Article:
This year, Valentine's Day coincides with China's biggest national celebration, the five-day-long official Lunar New Year holiday.
Although some may want to celebrate their love on Feb. 14, there will be no marriages on Valentine's Day in Beijing this year as the city's Civil Affairs Bureau is going on holiday, along with the rest of the country.
The Civil Affairs Bureau announced that because Feb. 14 falls on the fifth day of the celebration, which is still part of the Lunar New Year national holiday, those hoping to file for wedding registries will have to wait. Although a slight delay in obtaining a marriage license is not a big deal, the idea of getting married on the Western-introduced holiday, Valentine's Day, has become increasingly popular over the years.
Almost 4,000 couples planned to sign their wedding contracts on Valentine's Day last year, and even more were recorded doing it the year before, according to the Beijing Morning Post.
Luckily for this year's couples who will be missing out on making Valentine's Day the date of their wedding anniversary, China has its own version of the love-themed holiday: the Qixi Festival. This year, it falls on the seventh day of the seventh lunar month -- and it has grown to be just as commercial as its Western counterpart.
The folk tale behind Qixi, like the story of St. Valentine, was not initially created to explain love. The Chinese tale describes how the Milky Way was created by the Goddess of Heaven to separate two lovers. As the tale goes, one night a year the two are reunited by magpies that fly to the heavens and create a bridge for them to meet: This part of the story has now become the main focus of the celebration.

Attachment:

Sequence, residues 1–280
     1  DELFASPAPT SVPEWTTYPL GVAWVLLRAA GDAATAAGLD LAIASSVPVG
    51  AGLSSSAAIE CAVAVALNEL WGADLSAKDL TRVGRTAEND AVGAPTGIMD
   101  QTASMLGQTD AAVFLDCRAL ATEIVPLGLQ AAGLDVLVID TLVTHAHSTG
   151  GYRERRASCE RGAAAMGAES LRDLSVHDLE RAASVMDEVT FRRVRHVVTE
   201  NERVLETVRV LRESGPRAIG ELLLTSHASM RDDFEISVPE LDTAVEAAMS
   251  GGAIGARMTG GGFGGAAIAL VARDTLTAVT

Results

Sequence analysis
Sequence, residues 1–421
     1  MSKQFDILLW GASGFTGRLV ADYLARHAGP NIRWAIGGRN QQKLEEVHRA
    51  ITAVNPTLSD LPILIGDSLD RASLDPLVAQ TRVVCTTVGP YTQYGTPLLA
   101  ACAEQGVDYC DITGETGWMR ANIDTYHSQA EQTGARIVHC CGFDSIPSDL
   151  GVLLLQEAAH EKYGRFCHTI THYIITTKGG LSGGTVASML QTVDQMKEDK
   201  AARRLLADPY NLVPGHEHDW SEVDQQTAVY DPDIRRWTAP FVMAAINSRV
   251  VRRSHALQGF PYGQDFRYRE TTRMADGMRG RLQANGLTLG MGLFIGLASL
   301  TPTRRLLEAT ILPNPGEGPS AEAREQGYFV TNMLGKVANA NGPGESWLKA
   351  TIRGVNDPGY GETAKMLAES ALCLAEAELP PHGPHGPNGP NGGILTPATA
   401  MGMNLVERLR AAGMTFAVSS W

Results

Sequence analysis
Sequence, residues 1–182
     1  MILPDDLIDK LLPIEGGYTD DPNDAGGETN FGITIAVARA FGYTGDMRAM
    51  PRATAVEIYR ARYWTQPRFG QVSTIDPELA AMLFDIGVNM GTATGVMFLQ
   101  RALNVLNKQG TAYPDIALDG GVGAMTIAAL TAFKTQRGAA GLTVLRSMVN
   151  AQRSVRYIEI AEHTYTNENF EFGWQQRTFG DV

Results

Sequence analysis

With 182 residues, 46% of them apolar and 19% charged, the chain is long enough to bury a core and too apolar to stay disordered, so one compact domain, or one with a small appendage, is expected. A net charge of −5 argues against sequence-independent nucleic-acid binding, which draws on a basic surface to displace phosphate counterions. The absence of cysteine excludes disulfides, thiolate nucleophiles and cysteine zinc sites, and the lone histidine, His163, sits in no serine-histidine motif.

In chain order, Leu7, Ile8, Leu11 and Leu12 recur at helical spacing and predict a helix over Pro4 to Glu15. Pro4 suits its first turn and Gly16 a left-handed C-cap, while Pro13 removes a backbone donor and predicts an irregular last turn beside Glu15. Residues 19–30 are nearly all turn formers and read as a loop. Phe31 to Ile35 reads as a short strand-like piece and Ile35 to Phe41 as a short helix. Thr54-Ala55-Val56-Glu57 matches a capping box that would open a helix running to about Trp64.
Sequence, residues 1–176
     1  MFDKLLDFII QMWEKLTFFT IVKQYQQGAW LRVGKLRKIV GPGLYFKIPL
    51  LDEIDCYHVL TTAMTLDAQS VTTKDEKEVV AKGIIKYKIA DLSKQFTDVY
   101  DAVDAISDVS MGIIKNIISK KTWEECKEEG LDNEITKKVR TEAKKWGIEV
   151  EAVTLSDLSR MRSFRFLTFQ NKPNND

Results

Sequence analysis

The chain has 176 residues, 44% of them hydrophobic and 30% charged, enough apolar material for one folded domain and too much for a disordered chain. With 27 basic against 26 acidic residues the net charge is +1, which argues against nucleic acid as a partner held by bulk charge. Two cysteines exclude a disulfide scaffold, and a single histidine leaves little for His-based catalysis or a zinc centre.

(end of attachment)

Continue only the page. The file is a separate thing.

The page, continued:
China's retailers go all-out when promoting their Qixi deals, similar to their U.S. counterparts with their own Valentine's Day-themed commercials. Many of them take to Sina Weibo, China's Twitterlike microblogging site, to promote their deals among the masses of love-struck Web users.
However, common gifts during the celebration differ from the chocolates and flowers considered standard fare in the U.S. In China, retailers get creative with gifts, like last year's popular fireflies, which was trending on Weibo as a "symbol of illuminating love."
Last year, Li Ting, a store owner on Taobao.com, a major online marketplace in China, told the Asia News Network that she saw firefly sales skyrocket. "Usually, we sell hundreds of fireflies every day, but the sales volume increases significantly about a week before Qixi," she said, noting she had sold 20,000 even before the festival.
Another popular trend is expressing commitment through clothing. Young lovebirds have begun buying corresponding clothing and matching outfits as a way of letting the world know they are together.
The matching-clothing trend has taken on a life of its own, as it is now seen on the streets even on noncelebratory days. Retailers sell matching pillows, underwear, cups, watches, and jewelry for couples who want to take their public displays of affection to a new level.
Maybe a Lunar New Year's gift of matching T-shirts will be enough to console Chinese couples who were hoping to make it legal on Valentine's Day this year.
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